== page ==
5. Work Together to Achieve Great Things
Let the delivery team form a strong identity and empower them to take full ownership of the product. The team needs autonomy, mastery, and purpose to fully unlock its potential.
Once you’ve achieved step five, you’re well on your way to DevOps, but it doesn’t end there. You need to embrace a culture of continuous improvement and innovation, or things will begin to stagnate.
As I mentioned earlier, you still need to scale this out once you’ve got it working in one team, and that’s something that a lot of people struggle with. For some reason, there’s a huge temptation to try and get every team on-board at the same time and make sure that they all evolve at the same rate. There’s no reason to do this, and it’s not the right approach.
If you have 20 teams all going through a brand new experience at the same time, there’s going to be a great deal of turmoil, and they’re probably going to make some of the same mistakes – which is totally unnecessary. Also, teams evolve and change at different rates, and what works for one team might not work for another, so there’s no use in treating them the same!
A much better solution is to start with one or two teams, learn from your experience, and move on to a couple more teams. The lessons learned won’t always be transferrable from one team to the next, but the likelihood is that you’ll learn enough to give yourself a huge advantage when you start the next teams on their journey.
Sure, this approach takes time, but it’s more pragmatic and in my experience, successful.
One final comment on the steps above concerns step two, building the Continuous Delivery platform. It’s easy to get carried away with this step, but try to focus on building out a Minimum Viable Product here. There’s no getting away from the need for a high degree of automation, especially around testing. The types of testing you might need to focus on will depend on your product, its maturity, complexity and the amount of technical debt you’re carrying.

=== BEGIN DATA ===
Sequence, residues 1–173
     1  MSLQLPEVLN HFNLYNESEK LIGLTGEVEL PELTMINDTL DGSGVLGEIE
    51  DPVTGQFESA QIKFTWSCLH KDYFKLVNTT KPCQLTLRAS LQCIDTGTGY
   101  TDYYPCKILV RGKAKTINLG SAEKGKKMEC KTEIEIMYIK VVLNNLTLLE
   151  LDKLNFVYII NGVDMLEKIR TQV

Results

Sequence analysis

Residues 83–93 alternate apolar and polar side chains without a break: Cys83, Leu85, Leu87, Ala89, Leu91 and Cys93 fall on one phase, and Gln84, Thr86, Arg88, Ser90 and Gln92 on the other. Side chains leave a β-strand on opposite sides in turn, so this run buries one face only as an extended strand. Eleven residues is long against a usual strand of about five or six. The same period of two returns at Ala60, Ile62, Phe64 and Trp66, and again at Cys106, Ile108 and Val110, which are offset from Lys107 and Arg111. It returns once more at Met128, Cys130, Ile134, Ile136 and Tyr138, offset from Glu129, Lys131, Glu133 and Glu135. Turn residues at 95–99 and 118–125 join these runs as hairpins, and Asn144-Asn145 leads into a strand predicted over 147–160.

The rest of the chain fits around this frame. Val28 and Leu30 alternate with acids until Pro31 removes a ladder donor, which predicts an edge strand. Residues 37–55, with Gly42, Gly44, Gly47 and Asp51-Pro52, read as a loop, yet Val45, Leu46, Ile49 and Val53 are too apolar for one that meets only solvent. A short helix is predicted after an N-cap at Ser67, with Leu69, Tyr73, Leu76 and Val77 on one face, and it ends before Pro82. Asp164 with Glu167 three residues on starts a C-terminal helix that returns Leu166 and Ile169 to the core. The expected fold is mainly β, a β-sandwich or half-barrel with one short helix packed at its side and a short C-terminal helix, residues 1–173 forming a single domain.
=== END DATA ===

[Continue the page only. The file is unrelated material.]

Other aspects you’ll need to cover in your Continuous Delivery MVP are deployment and environment automation (of course). Thankfully there are external resources available to give you a kickstart here if you don’t have sufficient skills in-house (there are plenty of contractors who specialize in DevOps engineering, not to mention dedicated DevOps consultancies such as DevOpsGuys). Don’t spend months and months assessing different cloud providers or automation tools. Speak to someone with experience, get some advice, and crack on with it. Picking the wrong tool can be painful, but no more painful than deferring the decision indefinitely. Anyway, it’s relatively easy to move from Chef to Ansible, or from AWS to Azure (just examples) these days.
Many years ago I worked for a company that spent over a year assessing TFS while continuing to use VS, etc. in the meantime. I worked with another company more recently who spent a year assessing various cloud providers, all the while struggling along with creaking infrastructure that ended up consuming everyone’s time. My point is simply that it’s better to make a start and then switch than it is to spend forever assessing your options. It’s even better to take some expert advice first.
Published at DZone with permission of James Betteley , DZone MVB. See the original article here.